On the way back from walkies the other day, Swingle and I met Mr B by the Isopan factory, and after she had finished mugging him for biscuits, he turned to the tower and said – did you know I built that?  He had apprentices under him , so he  must have been a boss! What is now a brick factory, before the war was a paper factory that made special ‘Hirsch’ (deer logo) wrapping paper that was sold all over Europe, but by the nature of it, very few examples survive. The factory was ahead of its time, creating accommodation for its workers in the 1930s, and folk from all Europe worked here. Our house was the women’s house with a Kindergarten and by the Jagglerhof, another identical block housed the men (so not  far ahead), and the railway station is still so named.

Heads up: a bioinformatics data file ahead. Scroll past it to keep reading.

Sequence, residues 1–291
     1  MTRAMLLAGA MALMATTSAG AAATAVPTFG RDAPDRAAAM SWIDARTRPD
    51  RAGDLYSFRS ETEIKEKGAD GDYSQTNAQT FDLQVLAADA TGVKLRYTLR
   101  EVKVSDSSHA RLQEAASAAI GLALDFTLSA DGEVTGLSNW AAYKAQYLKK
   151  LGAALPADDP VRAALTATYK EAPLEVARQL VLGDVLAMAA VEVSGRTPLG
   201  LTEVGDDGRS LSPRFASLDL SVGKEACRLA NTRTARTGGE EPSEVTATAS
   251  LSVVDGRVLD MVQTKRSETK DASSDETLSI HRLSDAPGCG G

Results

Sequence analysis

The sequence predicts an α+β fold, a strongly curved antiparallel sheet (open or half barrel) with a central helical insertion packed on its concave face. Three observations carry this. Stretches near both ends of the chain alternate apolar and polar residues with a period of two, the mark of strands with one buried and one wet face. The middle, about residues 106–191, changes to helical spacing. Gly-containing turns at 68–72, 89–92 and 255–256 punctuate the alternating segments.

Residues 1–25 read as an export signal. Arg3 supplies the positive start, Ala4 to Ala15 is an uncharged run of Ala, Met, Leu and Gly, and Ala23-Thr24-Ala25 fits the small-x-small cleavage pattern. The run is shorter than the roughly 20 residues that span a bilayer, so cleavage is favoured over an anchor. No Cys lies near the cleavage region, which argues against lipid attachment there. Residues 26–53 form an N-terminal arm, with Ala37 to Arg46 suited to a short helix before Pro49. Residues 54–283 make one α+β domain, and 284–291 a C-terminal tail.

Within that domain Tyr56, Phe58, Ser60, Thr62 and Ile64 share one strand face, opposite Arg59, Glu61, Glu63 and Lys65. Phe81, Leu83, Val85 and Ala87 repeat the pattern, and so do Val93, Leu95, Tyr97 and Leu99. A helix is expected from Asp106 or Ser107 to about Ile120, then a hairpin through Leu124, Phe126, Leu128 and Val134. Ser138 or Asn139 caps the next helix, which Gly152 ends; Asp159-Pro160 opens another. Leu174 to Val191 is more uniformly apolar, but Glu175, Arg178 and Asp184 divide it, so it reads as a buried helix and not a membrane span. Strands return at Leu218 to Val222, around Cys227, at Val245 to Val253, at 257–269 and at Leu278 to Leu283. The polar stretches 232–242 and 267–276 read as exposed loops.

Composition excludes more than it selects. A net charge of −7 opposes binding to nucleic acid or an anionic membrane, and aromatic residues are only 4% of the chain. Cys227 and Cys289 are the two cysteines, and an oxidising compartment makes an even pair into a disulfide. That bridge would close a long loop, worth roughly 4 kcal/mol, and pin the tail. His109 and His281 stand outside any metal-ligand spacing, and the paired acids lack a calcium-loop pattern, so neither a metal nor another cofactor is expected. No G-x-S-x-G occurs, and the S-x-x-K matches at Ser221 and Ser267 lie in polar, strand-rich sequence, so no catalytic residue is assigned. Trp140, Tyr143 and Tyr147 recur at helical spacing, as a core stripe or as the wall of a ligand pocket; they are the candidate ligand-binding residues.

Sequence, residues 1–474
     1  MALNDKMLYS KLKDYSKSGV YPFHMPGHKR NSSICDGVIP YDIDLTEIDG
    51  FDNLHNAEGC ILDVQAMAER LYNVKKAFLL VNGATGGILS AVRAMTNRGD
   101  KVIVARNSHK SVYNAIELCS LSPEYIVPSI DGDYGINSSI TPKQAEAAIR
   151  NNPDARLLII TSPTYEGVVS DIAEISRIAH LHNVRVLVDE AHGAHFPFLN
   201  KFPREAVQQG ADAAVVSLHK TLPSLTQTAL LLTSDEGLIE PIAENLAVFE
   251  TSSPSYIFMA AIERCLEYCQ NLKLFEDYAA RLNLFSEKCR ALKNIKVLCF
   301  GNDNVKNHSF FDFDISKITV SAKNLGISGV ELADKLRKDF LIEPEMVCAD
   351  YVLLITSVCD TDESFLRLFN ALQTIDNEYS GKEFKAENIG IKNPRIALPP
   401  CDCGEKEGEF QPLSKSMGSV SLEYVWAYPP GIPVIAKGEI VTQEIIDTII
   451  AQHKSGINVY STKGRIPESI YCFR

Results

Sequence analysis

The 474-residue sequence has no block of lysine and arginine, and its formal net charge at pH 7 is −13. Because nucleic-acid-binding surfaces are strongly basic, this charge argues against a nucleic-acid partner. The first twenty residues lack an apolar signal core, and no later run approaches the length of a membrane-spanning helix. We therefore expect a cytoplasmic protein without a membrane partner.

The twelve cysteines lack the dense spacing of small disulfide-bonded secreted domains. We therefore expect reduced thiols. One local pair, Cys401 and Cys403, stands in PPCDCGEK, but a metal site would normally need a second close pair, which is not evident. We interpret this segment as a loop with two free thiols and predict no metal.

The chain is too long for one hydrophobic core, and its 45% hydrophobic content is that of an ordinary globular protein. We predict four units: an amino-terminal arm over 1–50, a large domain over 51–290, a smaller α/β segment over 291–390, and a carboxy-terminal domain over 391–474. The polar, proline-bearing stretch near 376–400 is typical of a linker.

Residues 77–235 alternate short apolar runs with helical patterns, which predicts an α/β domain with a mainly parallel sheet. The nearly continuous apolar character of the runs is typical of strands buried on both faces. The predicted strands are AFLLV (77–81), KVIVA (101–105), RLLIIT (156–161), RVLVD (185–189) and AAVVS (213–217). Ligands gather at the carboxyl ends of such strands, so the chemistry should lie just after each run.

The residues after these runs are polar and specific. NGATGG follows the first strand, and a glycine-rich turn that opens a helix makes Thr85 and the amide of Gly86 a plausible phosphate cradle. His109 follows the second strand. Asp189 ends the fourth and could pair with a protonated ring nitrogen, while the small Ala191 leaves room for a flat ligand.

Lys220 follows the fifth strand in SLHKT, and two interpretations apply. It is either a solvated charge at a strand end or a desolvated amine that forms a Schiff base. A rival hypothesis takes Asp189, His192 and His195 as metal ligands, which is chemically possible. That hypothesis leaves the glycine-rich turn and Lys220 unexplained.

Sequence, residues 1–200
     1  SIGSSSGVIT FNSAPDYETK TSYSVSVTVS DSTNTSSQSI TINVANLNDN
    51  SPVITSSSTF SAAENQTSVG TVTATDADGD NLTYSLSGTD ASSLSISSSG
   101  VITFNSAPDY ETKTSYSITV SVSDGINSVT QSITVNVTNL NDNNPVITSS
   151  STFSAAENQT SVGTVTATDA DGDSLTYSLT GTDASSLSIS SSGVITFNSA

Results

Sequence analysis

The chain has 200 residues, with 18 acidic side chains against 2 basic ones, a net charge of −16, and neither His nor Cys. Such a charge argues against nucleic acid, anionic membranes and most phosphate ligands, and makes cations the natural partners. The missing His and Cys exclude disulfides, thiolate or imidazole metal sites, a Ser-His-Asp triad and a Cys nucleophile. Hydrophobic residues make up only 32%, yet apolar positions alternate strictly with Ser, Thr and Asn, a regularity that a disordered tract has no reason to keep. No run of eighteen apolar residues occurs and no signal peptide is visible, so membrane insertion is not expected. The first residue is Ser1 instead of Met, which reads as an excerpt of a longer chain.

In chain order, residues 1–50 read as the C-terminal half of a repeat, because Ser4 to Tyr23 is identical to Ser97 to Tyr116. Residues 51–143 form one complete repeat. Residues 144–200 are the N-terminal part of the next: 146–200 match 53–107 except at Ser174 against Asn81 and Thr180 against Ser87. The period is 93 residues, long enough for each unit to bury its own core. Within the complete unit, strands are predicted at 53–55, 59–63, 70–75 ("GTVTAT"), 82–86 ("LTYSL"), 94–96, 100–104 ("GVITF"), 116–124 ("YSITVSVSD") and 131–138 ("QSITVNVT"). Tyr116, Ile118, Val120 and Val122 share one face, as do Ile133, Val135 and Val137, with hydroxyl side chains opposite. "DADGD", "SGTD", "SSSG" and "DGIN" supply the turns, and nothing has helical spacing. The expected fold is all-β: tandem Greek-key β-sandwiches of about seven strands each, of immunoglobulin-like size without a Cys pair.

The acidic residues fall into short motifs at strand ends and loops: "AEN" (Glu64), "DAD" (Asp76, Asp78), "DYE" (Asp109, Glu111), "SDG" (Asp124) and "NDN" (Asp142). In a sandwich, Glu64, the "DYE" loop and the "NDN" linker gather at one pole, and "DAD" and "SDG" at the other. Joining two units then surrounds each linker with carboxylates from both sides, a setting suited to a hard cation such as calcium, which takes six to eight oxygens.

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The factory from the other side of the river Mur

Mr B went on to say there is a tunnel that runs under the road  from one side to the other side of the road- I wonder if that is still there? Mr B was born in the Mur house,which was close to the factory which has since been demolished, I thought because the road was widened, but he said that no one wanted to live in it as the work decreased in the factory. He remembers it flooding and his Dad having to go out in swimming trunks!